• The Company has recently won multiple projects totaling 5MW in South Korea demonstrating the growing strength of its Asia-based sales outside of China. The market size for solar products in South Korea was 18MW in 2006 according to Solarbuzz.

• The Company is on track with a key step in its move towards multi-gigawatt manufacturing with the construction of its new facility in Wuxi, China. The 540,000 square foot, 1GW capacity plant is scheduled to begin installation of new PV cell production lines in June 2007.

• Suntech's innovative 20% conversion efficiency PV cell, based on its new low cost ''Pluto'' technology platform, is ahead of schedule achieving over 18% conversion efficiency in pilot production successfully validating the commercial feasibility of this technology in comparison to conventional PV cell technology.

• To address the growing market for thin film and BIPV products, Suntech recently began construction on a thin film R&D and manufacturing facility in Shanghai. The initial phase with 50MW of capacity is expected to begin operation by the middle of 2008. Suntech projects an average production cost of $1.20 per watt and conversion efficiency of 6% to 9%. The thin film modules will be nearly 6 square meters in size contributing to a balance of system installation cost for Suntech's thin film solution that it believes will be significantly lower than other PV solutions.

• MSK's third-party PV cell to module business was halted during the quarter. Production has since started in Suntech's Wuxi facilities and has now become an integral and profitable part of Suntech's operations, providing Suntech with additional capacity to meet the increasing demand for Suntech's products with nearly no incremental operating expenses. During the first quarter, Suntech also successfully established BIPV production lines at its Wuxi facility. First Quarter 2007 Results”

related material
Photovoltaics (solar cells) briefings document
energy: some ways of the future - on photovoltaics

the web address for the article above is
http://www.abelard.org/news/business_markets2006.php#photovoltaics_030607

new billion dollar fund to concentrate on ‘alternative’ energy

“JPMorgan, seeking to capitalise on the boom in environmentally friendly technologies, has established an alternative energy investment banking unit and hired a former executive from General Electric to run it.

“In an internal memo sent to staff this week, JPMorgan said it had hired Vandana Gupta from General Electric to head the new effort.

“At GE, Ms Gupta managed $1bn in equity investments in the energy and power sectors, including solar and wind power.”

When will one of these “ethical”/“green” fund owners develop the courage to include the most serious alternative, safe clean nuclear power?
The cowardice detracts from both the greenness of their offerings and the attraction for serious investors. [the auroran sunset]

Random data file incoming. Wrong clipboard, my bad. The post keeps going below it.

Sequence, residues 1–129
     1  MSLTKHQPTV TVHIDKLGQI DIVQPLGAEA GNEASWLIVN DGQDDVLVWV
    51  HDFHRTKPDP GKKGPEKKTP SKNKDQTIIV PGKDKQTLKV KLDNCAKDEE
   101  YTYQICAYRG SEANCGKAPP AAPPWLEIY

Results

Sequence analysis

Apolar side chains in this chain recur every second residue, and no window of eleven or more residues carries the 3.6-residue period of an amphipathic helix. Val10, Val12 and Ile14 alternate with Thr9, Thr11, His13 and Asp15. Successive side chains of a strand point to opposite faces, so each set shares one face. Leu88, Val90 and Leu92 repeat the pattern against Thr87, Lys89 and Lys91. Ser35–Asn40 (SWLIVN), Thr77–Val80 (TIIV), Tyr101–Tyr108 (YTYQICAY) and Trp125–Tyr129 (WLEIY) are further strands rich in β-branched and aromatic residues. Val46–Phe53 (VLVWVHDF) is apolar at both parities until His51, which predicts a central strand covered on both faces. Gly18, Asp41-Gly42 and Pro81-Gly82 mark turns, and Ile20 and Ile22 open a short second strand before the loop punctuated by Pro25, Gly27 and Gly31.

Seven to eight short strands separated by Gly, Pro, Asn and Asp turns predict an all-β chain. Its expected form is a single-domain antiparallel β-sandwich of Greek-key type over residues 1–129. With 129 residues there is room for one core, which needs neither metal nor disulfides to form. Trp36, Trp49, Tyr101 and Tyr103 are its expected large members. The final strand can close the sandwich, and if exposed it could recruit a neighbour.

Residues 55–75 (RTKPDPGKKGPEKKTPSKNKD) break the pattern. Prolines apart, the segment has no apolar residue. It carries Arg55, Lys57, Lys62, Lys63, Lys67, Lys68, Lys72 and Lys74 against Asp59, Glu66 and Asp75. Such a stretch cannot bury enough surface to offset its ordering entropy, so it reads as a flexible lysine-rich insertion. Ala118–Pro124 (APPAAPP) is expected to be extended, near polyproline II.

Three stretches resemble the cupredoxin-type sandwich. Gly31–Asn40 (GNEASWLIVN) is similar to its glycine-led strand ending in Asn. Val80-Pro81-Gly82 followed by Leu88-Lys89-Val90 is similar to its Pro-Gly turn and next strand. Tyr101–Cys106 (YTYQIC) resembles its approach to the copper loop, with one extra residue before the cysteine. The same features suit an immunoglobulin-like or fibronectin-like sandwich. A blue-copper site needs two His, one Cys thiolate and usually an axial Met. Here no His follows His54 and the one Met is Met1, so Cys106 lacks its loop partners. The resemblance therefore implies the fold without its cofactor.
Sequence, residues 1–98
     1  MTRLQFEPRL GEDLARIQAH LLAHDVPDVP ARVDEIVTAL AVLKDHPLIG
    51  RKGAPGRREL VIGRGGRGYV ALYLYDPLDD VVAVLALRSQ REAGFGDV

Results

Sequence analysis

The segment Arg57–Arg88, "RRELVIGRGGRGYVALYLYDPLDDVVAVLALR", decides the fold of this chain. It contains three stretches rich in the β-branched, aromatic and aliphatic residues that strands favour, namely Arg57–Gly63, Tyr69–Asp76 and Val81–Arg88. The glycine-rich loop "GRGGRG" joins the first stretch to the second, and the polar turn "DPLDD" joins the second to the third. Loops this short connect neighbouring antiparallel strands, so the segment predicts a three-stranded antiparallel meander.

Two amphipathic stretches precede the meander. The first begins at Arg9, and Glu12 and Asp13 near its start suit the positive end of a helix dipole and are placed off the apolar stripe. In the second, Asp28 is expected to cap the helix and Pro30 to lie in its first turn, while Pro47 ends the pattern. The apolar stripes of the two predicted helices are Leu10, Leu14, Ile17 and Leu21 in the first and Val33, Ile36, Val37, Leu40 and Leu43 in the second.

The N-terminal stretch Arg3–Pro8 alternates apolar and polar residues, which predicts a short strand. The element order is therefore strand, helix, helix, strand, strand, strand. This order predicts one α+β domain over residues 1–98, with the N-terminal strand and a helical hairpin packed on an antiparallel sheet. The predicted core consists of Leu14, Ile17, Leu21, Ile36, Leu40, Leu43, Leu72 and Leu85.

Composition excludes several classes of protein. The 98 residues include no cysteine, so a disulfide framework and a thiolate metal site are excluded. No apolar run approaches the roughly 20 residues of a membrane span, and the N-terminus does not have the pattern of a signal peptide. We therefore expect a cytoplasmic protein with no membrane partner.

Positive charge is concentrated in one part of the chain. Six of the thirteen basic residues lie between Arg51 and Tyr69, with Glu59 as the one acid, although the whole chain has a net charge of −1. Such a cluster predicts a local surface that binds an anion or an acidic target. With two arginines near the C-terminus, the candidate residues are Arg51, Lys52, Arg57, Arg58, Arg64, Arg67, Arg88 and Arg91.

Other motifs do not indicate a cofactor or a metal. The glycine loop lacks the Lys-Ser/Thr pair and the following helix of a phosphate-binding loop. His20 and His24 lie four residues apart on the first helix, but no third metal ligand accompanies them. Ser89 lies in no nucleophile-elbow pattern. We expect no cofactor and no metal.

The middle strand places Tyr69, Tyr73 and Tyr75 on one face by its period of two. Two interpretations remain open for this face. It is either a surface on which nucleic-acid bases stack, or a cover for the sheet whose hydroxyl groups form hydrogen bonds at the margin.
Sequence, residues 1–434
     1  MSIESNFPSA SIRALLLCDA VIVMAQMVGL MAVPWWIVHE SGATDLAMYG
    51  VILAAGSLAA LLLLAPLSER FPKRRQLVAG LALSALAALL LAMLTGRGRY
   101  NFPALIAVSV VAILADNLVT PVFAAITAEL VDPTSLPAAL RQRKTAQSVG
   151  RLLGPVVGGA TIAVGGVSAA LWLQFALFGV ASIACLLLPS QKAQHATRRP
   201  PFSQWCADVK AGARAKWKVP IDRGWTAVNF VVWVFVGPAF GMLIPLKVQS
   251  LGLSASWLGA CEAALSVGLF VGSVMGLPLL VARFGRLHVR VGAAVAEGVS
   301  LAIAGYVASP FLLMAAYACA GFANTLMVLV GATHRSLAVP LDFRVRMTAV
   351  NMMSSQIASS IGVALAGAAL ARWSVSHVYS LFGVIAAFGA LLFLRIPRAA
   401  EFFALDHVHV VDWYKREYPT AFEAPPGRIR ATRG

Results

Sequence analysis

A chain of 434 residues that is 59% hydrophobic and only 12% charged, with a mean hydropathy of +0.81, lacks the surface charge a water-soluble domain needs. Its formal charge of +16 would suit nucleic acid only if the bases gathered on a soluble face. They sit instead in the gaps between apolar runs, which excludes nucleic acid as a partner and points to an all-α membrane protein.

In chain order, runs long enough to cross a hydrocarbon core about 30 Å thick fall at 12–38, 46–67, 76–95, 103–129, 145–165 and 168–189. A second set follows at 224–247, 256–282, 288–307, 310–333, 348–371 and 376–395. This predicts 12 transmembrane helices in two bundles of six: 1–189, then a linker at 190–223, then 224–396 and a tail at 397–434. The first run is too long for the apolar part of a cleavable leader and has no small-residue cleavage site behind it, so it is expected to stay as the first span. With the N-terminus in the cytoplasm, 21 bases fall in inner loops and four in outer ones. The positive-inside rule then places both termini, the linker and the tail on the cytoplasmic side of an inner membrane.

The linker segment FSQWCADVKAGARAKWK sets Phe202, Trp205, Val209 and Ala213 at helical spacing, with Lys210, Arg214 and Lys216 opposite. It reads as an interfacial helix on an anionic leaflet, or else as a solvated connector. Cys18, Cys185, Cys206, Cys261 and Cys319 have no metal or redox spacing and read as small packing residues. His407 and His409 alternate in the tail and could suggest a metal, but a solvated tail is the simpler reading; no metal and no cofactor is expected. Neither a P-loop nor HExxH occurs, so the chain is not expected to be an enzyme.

the return of nuclear power

“Today, only eight countries are known to have a nuclear weapons capability. By contrast, 56 operate civil research reactors, and 30 have some 435 commercial nuclear power reactors with a total installed capacity of over 370 000 MWe (see table). This is more than three times the total generating capacity of France or Germany from all sources. Some 30 further power reactors are under construction, equivalent to 6% of existing capacity, while over 60 are firmly planned, equivalent to 18% of present capacity.

“Sixteen countries depend on nuclear power for at least a quarter of their electricity. France and Lithuania get around three quarters of their power from nuclear energy, while Belgium, Bulgaria, Hungary, Slovakia, South Korea, Sweden, Switzerland, Slovenia and Ukraine get one third or more. Japan, Germany and Finland get more than a quarter of their power from nuclear energy, while the USA gets one fifth.”

Looking at the US nuclear power industry:

  • The USA has over 100 nuclear reactors providing almost 20% of its electricity. These have a high level of performance
  • With deregulation, both ownership and operation of these is becoming concentrated.
  • Extension of reactor lifetimes from 40 to 60 years is enhancing the economic competitiveness of plants.
  • The industry envisages substantial new nuclear capacity by 2020 and several regulatory initiatives are preparing the way for new orders.
“After 20 years of steady decline, government R&D funding for nuclear energy is being revived with the objective of rebuilding US leadership in nuclear technology. In 1997 nuclear fission R&D was, at US$ 37 million, lower than in France, South Korea, or Canada - only 2% of total energy R&D, which compared pathetically with 68% (US$ 2537 million) of a much larger budget in Japan. From the 1999 budget, this situation has been turned around with various programs including the flagship Nuclear Energy Research Initiative (NERI) and also Plant Optimisation. The first 45 NERI grants were awarded in 1999, signalling a reinvigoration of the federal role in nuclear research, following successful conclusion of the advanced reactor program in 1998.